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Embracing the ripple effect of value-based care

July 09, 2021
Tanjina Shapiro
Tanjina Shapiro

As the chief operating officer at a company that supports health systems and health plans in transitioning to value-based care, providers often ask me how they can best prepare their organization now for the slow-moving progression from fee-for-service to value-based care.

When I am asked this question, I most often share the following anecdote:

Value-based care is like surfing on the ocean. While we all expect to see waves in the ocean - each and every wave is in fact different. Surfers understand this notion and, therefore, pay close attention to the unique properties of each wave before, during, and even post-ride. The same can be said for value-based care. You need to be agile, attentive, and adaptive in order to succeed in this transition – and in surfing.

Today, there is no one-and-done approach to value-based care. It is a step-by-step oriented process and each provider organization must chart their own path. Still, with that in mind, there are best practice approaches and considerations to help ensure that your organization and extended care teams are properly set-up in order to succeed in risk-based contracting in both the near- and long-term.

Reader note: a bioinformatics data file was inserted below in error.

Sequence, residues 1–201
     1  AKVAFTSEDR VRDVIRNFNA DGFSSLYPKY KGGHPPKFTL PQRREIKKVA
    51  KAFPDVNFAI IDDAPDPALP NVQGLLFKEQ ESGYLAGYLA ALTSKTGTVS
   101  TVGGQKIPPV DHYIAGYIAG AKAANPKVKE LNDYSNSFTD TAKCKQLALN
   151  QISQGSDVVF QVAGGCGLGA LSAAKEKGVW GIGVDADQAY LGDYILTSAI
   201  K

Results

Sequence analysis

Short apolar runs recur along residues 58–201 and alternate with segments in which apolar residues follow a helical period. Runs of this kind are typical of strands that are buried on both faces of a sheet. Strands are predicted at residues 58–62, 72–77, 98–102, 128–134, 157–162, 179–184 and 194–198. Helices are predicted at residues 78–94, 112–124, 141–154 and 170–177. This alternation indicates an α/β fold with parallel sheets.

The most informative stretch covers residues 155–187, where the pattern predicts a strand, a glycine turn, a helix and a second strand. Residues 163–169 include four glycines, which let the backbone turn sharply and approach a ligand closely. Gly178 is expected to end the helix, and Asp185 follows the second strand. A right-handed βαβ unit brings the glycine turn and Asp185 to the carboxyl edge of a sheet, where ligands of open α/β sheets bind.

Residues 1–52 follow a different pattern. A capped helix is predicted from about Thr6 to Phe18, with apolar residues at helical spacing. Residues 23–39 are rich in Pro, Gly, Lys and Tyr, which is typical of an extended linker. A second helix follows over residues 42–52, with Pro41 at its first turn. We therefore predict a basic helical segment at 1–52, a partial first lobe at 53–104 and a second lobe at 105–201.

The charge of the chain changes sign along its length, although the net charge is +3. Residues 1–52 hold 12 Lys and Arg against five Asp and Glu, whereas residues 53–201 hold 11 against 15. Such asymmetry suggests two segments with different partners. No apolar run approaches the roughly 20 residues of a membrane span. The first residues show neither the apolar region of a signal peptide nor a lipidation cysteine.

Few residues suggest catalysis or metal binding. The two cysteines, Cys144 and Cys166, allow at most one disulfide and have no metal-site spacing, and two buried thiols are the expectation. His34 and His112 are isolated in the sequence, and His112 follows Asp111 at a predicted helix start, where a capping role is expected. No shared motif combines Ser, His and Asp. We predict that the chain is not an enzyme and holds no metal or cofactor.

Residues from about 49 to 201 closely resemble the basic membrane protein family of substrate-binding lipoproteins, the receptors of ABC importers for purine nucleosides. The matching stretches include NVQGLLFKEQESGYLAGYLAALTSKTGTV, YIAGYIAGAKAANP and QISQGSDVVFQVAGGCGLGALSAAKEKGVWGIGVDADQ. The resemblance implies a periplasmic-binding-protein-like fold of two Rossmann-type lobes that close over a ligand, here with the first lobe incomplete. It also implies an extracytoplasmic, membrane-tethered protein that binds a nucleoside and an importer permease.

The following are the three key focus areas that I suggest providers prioritize as they look to operationalize the transition to value-based care.

Establish a flexible change management strategy
The word “change” often induces feelings of fear and discomfort. Based on lessons learned from the pandemic and from the challenges surrounding the adoption of electronic health records, change is particularly exhausted within the healthcare industry. And rightly so as systemic change often impacts the entirety of an organization – including physicians and those who are served by the organization (i.e., patients).

To properly support change management as part of a providers’ overall value-based care strategy, there are a few key change management approaches that must not be overlooked. Most notably, establishing a sense of urgency and defining the purpose behind the change; communicating change to the right teams at the right time; and engaging physician leadership in decision-making to help streamline change management and amplify awareness of the purpose and process. This last approach, in particular, can also help ensure that physician feedback is heard, processed, and applied to make the transition to value-based care more manageable.

Conduct a gap analysis of people, process, and technology
The second focus area for consideration is a thorough gap analysis of people, process, and technology.

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